1. Syncopal or near syncopal episodes have been observed in five subjects who stood or were tilted and in whom blood samples were being taken. 2. In all subjects bradycardia and hypotension developed before the onset of symptoms. Increases in plasma adrenaline concentrations occurred in all subjects, beginning before the faint. Changes in plasma noradrenaline concentrations were variable: in three subjects there was a marked fall and in the other two subjects an increase. Plasma vasopressin increased in all subjects. 3. Increases in plasma adrenaline may be contributing to the vasodilatation and arterial hypotension which occur during syncope.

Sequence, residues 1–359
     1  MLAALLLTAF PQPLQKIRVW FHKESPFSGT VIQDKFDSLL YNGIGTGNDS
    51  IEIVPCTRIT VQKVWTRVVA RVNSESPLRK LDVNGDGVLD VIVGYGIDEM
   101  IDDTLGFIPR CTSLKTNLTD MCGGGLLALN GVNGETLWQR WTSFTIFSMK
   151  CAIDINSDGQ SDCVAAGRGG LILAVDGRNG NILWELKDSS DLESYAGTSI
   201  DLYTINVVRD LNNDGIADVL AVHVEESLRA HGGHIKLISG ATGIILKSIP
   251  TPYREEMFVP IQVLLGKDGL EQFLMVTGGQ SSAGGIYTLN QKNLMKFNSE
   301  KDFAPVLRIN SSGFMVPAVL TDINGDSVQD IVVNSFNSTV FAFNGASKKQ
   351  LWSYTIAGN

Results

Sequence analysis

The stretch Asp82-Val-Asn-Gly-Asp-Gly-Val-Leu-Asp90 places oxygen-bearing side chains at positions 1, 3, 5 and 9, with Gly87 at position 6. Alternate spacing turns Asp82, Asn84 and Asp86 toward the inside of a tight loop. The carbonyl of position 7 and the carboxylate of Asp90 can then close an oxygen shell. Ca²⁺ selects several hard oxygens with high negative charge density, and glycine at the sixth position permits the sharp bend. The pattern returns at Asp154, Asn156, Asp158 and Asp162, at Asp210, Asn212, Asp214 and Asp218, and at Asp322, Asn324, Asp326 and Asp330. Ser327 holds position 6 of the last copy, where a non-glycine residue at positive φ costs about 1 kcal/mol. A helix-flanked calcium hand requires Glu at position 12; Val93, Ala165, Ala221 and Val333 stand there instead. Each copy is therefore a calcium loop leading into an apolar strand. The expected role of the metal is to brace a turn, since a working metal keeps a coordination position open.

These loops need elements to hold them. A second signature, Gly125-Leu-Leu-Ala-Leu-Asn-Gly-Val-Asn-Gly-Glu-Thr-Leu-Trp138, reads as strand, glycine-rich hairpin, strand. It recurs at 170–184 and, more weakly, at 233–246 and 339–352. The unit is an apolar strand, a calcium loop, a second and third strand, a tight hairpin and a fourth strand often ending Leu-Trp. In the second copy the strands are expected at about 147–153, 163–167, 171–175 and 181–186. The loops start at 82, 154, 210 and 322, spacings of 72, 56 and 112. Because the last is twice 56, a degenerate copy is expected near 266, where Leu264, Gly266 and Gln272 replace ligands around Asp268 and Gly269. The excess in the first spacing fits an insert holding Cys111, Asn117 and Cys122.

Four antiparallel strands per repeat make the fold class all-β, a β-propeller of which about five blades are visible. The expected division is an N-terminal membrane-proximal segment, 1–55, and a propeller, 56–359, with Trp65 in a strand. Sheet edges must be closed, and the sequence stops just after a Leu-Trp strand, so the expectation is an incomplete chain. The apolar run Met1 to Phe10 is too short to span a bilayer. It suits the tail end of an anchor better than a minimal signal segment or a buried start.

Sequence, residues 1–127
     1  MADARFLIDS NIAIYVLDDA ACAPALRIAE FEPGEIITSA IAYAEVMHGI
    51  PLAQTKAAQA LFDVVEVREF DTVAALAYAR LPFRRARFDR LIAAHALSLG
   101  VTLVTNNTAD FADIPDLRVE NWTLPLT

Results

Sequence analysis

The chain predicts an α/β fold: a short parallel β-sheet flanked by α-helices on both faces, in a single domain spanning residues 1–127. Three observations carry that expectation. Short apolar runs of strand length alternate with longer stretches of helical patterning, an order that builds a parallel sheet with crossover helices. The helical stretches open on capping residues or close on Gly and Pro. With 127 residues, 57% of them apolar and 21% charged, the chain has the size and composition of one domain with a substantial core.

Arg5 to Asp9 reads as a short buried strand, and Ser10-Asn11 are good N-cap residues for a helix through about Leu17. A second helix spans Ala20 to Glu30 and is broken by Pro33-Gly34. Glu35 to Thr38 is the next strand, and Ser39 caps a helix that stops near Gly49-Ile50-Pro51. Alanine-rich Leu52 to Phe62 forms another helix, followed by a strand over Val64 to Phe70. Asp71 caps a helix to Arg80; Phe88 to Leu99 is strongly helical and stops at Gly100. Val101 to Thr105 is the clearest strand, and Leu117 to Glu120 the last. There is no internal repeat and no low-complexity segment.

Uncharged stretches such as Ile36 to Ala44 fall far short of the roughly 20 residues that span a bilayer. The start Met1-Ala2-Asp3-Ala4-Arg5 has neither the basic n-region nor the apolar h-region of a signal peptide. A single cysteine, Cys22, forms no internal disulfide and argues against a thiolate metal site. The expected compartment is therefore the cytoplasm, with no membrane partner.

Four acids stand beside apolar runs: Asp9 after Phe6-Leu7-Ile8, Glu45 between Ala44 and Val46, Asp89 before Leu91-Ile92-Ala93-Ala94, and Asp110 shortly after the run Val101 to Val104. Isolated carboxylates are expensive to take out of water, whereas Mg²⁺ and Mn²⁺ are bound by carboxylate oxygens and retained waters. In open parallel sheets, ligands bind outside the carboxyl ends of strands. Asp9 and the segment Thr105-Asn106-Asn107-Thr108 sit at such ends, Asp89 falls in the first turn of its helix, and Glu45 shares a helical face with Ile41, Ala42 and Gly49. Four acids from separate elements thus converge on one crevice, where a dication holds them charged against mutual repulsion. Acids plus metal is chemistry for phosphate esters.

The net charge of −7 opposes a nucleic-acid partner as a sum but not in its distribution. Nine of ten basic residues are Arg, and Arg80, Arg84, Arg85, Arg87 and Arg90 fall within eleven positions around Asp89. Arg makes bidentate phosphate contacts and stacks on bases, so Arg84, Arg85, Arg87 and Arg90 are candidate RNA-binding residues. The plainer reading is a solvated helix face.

1. Respiration during sleep was studied in 16 withdrawn alcoholic patients and in 12 control subjects. 2. The alcoholic patients had increased numbers of central ( P < 0.01) and of obstructive ( P < 0.05) apnoea and of hypopnoea episodes ( P < 0.01) as compared with controls. 3. Significant positive associations were found between the frequencies of central apnoea ( P < 0.05) or hypopnoea ( P < 0.01) and clinical evidence of central nervous system damage in the alcoholic patients. Hypopnoea also showed a significant association with vagal neuropathy ( P < 0.05), assessed by tests of cardioreflexes. 4. We conclude that abnormal respiratory events are common in abstinent alcoholic patients and that they are likely to be at least partly related to nervous damage.